The Senior change of Command took place immediately afterward.  Outgoing OCS Commander, LtCol Robert McCartney handed the squadron flag to LtCol Darrell McMillan, Wing Vice Commander, and relinquished his command.  Maj. John Pineda accepted command of the squadron by receiving the OCS flag.  The Squadron owes a HUGE debt of gratitude to Lt. Col McCartney for his exceptional leadership in leading the squadron for nearly 5 years.  Maj. Pineda plans to continue this trend, and will strive to continue expanding both Senior and Cadet programs to realize the goal of making every volunteer member of the squadron feel that they are an integral part of the entire Civil Air Patrol organization.

LtCol. McMillan, Wing Vice Commander, LtCol McCartney (Outgoing CC) and Maj. John Pineda (incoming CC)

Semper Vigilans!

Civil Air Patrol – Flight’s Best Kept Secret


Civil Air Patrol – Developing Cadets into Leaders


NCR/Nebraska Wing Conference – March 24-26, 2017



Click on the image to go directly to the Conference registration page.

OCS Dining Out 2016

By C/1stLt Michael Pineda

OCS Color Guard presenting the colors at the 2016 Dining Out

On December 5th, Omaha Composite Squadron held their 7th annual Dining Out at Arbor Hall. Every year, cadets, seniors, families and friends are invited to the Dining Out: a formal military style dinner in place of the night’s meeting. A special guest is always invited to the dinner to give a speech; this year’s guest being the Senior Enlisted Leader of U.S. Strategic Command, Chief Master Sergeant Patrick McMahon. Among the other honored guests was the NE wing commander, Colonel Darrell Nelson.

Before dinner, various ceremonies took place. First was the presentation of the colors by the cadet color guard team. The color guard processed through the room in formation with the American flag and the squadron flag, setting the flags on either side of the honored guest’s table. Following the presentation of the colors were the national anthem and toasts. Afterwards came the POW-MIA Table Ceremony, which honors the United States’ prisoners of war and servicemen missing in action.

Squadron Commander “tests” the quality of the beef before it is served for dinner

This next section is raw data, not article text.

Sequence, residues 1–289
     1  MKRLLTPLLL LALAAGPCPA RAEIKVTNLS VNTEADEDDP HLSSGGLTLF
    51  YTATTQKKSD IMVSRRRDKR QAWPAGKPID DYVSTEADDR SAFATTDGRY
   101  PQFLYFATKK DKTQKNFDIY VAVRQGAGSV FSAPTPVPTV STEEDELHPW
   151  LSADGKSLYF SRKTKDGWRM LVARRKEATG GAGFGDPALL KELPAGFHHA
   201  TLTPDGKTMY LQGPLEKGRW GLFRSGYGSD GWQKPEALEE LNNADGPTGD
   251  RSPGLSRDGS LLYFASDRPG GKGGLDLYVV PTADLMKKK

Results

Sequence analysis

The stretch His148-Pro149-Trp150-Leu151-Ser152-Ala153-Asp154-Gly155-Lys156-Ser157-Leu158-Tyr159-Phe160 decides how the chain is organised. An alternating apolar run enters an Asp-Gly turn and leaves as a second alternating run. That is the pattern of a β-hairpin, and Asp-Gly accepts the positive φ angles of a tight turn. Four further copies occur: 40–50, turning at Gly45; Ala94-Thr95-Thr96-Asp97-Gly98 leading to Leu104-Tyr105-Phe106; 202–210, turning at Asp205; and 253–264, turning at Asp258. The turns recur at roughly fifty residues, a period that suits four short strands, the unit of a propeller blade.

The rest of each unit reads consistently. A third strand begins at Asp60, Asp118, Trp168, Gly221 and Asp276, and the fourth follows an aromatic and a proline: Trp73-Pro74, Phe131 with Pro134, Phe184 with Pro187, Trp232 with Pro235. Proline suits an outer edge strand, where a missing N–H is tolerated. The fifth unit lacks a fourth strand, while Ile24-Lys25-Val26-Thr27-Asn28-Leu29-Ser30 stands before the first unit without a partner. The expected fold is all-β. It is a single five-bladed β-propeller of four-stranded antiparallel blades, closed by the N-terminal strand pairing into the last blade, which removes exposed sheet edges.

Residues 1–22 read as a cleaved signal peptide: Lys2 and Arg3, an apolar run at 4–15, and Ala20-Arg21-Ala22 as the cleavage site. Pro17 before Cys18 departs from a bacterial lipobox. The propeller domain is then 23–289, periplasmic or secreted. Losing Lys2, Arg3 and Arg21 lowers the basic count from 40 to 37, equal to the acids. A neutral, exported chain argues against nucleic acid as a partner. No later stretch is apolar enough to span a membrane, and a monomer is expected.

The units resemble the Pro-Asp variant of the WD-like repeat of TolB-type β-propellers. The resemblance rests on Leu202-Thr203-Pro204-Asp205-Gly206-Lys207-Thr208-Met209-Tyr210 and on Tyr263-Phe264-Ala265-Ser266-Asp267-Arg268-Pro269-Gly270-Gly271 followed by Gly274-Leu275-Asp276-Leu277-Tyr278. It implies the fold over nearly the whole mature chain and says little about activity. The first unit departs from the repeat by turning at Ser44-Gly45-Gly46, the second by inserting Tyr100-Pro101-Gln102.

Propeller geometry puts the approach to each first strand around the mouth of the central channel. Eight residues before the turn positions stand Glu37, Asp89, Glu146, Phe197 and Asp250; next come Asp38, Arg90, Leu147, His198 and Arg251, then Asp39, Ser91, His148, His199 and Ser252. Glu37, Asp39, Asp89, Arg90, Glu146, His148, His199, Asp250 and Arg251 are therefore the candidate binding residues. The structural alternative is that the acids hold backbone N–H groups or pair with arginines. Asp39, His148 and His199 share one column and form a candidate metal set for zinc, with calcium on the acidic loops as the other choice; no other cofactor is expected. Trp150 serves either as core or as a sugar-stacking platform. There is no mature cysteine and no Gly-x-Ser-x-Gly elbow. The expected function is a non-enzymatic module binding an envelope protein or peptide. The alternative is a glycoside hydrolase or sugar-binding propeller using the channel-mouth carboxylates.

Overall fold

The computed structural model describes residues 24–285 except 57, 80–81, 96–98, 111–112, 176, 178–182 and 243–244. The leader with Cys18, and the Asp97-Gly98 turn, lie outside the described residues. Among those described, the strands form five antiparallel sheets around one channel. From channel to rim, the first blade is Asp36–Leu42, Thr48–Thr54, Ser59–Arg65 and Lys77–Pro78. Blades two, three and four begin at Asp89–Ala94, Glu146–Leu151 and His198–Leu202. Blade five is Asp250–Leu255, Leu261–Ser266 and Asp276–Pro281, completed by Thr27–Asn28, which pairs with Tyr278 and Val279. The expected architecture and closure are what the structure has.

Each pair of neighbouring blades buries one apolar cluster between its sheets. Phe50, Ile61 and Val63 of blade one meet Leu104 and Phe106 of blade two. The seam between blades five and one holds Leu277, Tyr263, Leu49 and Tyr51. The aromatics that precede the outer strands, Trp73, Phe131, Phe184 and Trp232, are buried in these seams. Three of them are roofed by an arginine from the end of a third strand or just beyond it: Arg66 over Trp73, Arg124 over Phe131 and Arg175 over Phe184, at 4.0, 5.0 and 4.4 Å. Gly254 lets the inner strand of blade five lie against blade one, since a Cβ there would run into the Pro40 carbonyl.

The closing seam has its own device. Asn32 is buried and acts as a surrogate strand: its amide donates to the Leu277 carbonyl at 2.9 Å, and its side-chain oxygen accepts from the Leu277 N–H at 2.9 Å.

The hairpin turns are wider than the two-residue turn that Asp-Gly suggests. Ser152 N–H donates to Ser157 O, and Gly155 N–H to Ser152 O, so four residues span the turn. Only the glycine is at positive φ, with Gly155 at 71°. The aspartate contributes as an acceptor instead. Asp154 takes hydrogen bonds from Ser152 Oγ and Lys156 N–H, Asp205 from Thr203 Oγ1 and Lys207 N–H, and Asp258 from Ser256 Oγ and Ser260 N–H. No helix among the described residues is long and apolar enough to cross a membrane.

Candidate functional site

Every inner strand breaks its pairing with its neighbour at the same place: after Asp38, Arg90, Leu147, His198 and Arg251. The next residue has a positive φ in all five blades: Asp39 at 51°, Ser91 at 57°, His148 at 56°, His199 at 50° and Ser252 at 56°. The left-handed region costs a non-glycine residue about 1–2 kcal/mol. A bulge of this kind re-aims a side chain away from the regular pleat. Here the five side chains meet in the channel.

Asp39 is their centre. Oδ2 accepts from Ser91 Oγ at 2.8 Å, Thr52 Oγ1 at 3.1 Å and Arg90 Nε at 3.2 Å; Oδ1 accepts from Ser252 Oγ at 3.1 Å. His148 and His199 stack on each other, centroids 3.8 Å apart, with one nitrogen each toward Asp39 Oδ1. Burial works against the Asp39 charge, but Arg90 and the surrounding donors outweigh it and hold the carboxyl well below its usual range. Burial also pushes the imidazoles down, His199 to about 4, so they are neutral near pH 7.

Finally came the presentation of Le Beouf, where the beef to be eaten that night was presented to Colonel Robert McCartney, President of the Mess, to confirm that it was fit for human consumption.
During the dinner, cadets were expected to follow the “Rules of the Mess,” found in their Dining Out Handbook. Many of the rules are old traditions; for example, males were required to rise from their seats when a female departed from or arrived at their table; no clapping was allowed; glasses must be kept half-full; and the Queen’s English was required to be strictly abided by. In the event that a rule was broken, any cadet could bring the rule-breaking to the attention of the Vice President of the Mess (also known as “Mr./Ms. Vice”), C/1stLt Nelson. If Ms. Vice found that the rule-breaking cadet had no excuse for breaking the rule, the cadet would be sent to “Mr. Grog” as “punishment.”

A cadet is sent to The Grog for violating “the rules of the mess”

The Grog was located in the middle of the floor, resting on a table before the honored guests, and filled with an assortment of juices, sodas, and breakfast cereal. Also, Mr. Grog is a toilet. When sent to The Grog, cadets had to fill their cup to a designated fill line, raise the cup while toasting “to the mess,” and drink the whole contents without lifting the cup from their lips. Once finished, they would turn the cup upside-down over their head, and, if a drop fell on their head, would repeat the process again.

CMSgt Patrick McMahon addresses the squadron after dinner